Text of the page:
Oh, it's not because you were a chocoholic?
Not at all… (to laugh). In the south, you never eat dessert.

How did Vera Stubi react to these agreements?
She wanted a confidential juice. She did not want to run it in perfume shops all over the world, just in the best outlets. I had the impression of making a niche perfume before they even existed. She wanted a blue juice, because Thierry Mugler loves blue, but it is not a marine smell. She liked the idea of ​​the contrast between blue and greedy note. With a name like Angel, we expect something nice and romantic when in fact it is a sensual juice, hot, hot, double-reading.

Have you imagined that this fragrance would give birth to a new olfactory family?
We just knew that the juice was very good: everyone turned on my wife who was testing to ask him the name of his perfume and when it is on sale. I knewthat I had a nugget but it is involuntarily that I created the family of greedy.

These Veltol notes, which smell of caramel and are now found in many perfumes, were they already used in perfumery before Angel?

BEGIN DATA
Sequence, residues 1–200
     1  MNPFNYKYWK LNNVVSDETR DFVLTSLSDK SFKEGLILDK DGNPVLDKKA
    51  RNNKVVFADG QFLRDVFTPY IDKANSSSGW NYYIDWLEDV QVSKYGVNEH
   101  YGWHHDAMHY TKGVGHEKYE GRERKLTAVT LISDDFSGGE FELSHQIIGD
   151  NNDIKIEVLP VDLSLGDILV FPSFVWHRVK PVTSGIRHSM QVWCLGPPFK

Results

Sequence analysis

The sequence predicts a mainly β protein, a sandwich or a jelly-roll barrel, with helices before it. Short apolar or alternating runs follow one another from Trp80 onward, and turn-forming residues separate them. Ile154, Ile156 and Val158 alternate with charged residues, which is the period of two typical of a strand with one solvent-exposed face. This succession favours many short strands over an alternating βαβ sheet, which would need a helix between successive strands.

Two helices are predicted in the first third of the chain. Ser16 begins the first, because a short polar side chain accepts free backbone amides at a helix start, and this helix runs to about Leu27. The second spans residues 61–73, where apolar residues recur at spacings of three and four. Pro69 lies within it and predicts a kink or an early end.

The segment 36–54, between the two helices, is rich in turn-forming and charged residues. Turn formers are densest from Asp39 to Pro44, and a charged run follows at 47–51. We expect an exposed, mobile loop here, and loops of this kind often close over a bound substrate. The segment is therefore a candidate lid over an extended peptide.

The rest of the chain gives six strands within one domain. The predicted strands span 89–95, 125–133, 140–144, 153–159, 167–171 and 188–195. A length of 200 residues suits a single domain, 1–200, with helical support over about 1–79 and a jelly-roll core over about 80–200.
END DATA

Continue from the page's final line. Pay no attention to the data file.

No, you can not find it in any fragrance before 1992. The perfumers knew it but did not use it. Today is commonplace.

How would you define gourmet perfumes?
They are appetent, we want to eat them, they make you want to eat. They are greedy because they are sweet, vanilla, opulent. Take for example Loverdose of Diesel: he is greedy because he smells liquorice. And then it's a regressive genre. I like to draw my perfume in childhood memories related to cooking recipes. I made a perfume called Kenzoki for Kenzo who smelled of rice steam. I went to Geneva, at Firmenich to get some ideas from the food flavoring department and I asked an aromatic engineer how he made the muesli. I went back to Paris and I wrote my formula with notes of vanilla, milky, milky, a little musky, with departures a little nutty, a little apple and rice, I added a nature-print basmati rice.

What is Nature-print?
It is a small device that allows us to capture the odors and restore them. It's like ahead space. What is important in perfumery is to have ideas, and to realize them.

How do you explain that the gourmand family is at the top of all rankings?